Sweet! I pasted that doc into a wiki page. I encapsulated the pasted text with the HTML "pre" tag to get all of the formatting you did with spaces.

Leanna's picture

Hackstarter sounds like an excellent idea. Would partnering up with people like Slow Money be helpful? Approaching universities with specific projects might be an easy way to get access to grants or other funding for R and D, especially if Farm Hack could partner with someone doing their master's thesis or other research. Or perhaps a combination of both?

The online market place seems like a necessary step in making products available!

Dorn's picture

Right on...An online marketplace to move R&D to a next step could bring together enough folks to both demonstrate need if outside funders (kick starter/foundations/other grant makers) would like validation/documentation, and it would reduce the development cost if the project is funded internally by coordinating orders, doing small production runs etc.... I especially like the idea of tapping into university projects. I could see projects going both ways - some originating at the university and finding legs to get to the next stage on farm hack, and projects that are stuck (eg. technical barrier, documentation, testing, prototype needed etc.) on farm hack moving forward because of assistance from student projects, university machine shops etc.

Many grants require public posting of results, and Farm Hack could be written in as the dissemination method for grant funded projects. It would also be a good place to cruise to get ideas for new projects to work on for funding proposals.

I think we talked at RSDI about something that might be a cross between an etsy type market place for farmhack tools and kickstarter type function for funding R&D? Cool stuff...

R.J. Steinert's picture

I'm loving the discussion here. I'm all for using the tools we have and using outside tools at the same time. There are two concepts I want to throw out there for funding open source research and development.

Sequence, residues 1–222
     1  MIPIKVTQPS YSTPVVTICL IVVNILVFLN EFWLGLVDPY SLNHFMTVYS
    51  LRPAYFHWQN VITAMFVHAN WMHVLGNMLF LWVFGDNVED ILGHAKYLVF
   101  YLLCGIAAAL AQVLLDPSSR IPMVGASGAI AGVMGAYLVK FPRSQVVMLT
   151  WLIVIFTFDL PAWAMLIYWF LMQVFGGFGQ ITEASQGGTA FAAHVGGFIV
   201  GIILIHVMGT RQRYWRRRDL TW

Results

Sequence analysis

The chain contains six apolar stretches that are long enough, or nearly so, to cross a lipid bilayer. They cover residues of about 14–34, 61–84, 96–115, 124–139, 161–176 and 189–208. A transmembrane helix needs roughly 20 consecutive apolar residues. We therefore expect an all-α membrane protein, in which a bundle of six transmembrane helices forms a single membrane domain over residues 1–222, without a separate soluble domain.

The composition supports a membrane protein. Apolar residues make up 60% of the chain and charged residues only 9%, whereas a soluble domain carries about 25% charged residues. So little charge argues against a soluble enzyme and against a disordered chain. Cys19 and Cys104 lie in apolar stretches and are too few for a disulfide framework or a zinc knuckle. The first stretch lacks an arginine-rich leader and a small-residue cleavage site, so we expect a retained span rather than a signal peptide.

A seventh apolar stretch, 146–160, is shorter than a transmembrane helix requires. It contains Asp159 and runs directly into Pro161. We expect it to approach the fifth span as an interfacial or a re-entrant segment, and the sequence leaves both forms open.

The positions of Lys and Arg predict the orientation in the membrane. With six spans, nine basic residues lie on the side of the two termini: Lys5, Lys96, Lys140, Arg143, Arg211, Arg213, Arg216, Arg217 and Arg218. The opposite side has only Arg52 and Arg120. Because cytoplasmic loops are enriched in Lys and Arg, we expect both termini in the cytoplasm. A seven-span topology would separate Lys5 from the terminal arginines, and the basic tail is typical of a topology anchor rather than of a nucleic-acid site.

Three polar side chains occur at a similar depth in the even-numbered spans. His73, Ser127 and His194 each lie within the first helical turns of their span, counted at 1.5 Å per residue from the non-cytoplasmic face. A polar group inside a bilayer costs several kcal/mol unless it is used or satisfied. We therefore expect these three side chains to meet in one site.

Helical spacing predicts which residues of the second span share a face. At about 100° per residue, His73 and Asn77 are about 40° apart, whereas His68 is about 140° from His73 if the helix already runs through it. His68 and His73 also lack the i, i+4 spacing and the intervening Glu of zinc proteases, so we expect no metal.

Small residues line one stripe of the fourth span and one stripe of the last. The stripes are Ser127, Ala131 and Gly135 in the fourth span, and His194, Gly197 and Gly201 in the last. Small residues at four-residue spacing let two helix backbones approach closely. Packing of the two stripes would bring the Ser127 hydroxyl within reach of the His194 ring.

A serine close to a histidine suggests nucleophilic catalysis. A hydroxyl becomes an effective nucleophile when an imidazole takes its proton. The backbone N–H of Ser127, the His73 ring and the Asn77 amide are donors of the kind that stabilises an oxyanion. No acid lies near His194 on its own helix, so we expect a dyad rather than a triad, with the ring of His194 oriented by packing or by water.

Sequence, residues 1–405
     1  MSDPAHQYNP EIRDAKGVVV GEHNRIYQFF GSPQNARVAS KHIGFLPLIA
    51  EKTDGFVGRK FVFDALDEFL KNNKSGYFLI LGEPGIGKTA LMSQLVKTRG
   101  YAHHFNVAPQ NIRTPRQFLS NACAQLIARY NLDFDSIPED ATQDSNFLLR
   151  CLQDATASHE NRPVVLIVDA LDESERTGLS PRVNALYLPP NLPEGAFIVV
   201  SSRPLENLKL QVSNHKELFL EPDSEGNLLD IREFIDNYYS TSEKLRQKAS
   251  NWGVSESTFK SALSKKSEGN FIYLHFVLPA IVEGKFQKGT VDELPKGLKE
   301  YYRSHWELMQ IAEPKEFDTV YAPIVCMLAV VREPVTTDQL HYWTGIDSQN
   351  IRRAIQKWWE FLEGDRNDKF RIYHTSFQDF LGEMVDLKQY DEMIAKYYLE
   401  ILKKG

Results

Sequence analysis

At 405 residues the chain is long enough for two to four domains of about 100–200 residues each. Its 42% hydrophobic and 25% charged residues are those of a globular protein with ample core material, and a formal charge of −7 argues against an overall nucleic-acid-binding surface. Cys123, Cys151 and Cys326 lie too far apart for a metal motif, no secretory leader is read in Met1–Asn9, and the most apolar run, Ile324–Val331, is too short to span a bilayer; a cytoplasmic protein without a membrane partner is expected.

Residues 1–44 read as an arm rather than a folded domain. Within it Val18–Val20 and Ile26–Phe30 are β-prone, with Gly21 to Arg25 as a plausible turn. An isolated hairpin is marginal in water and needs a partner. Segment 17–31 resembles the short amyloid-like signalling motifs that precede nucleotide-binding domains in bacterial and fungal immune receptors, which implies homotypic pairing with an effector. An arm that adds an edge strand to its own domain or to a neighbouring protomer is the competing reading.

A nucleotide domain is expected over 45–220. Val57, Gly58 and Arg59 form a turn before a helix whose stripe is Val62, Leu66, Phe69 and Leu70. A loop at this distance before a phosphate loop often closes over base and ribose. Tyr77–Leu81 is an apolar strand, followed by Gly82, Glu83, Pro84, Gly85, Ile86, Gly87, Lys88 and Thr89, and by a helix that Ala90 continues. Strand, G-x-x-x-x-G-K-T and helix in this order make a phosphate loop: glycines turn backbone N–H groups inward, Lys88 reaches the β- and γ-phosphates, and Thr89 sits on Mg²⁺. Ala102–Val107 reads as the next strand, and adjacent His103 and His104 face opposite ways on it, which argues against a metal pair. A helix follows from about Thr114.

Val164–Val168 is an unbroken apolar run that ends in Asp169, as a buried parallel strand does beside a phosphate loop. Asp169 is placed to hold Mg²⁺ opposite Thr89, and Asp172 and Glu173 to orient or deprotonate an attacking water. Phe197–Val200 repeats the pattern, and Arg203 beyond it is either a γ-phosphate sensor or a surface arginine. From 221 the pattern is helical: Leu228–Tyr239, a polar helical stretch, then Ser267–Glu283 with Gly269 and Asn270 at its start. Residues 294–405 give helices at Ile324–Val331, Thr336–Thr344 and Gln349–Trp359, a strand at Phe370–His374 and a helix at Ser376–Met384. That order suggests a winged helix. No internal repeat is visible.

Bounty

In open source lingo, a bounty is sum of money offered for completing a development task that will be open sourced. In my experience this often starts as someone saying in a projects issue queue (a project issue queue is equivalent to a Tool's Forum) saying, "Hey! I need this thing done real bad," and then another person saying, "Ya! Me too but I don't know how to get it done," and then maybe some other people echoing the desire. The folks with the need then get together and dedicate some funds to complete it (or services or whatever) for someone to do it. Because they are talking about it in that project's issue queue, someone who knows how to complete that task and also has an interest in doing so eventually comes along and they strike a deal. w00t! The key here being the proximity of those who need something done and those who can complete the task, a network effect of saying, "Hey we need this, here's some funds," and someone close by saying, "I can do that."

Reverse Bounty

Before there was Kickstarter, there was Reverse Bounty. A developer wants to get something done so they say, "Hey world! If you also want to get this thing done then pay me x number of dollars and I'll be able to do that!" The only thing Kickstarter added was a deadline for funding, and boy does that work! I've seen reverse bounties take YEARS.. unfortunately. The deadline creates a sense of urgency, but it also gives folks a sense that they are allocating a certain amount of funds in a specific time period and that matters in the real world where a tool is worth something to you in the next 60 days but might not be worth anything to you a year from now.

My conclusion

So if someone creates a Reverse Bounty (Kickstarter)/Bounty to do a production run of a Tool and they mention it on that Tool's Wiki page or Forum, they get that network effect of people with the same needs being close by jumping in.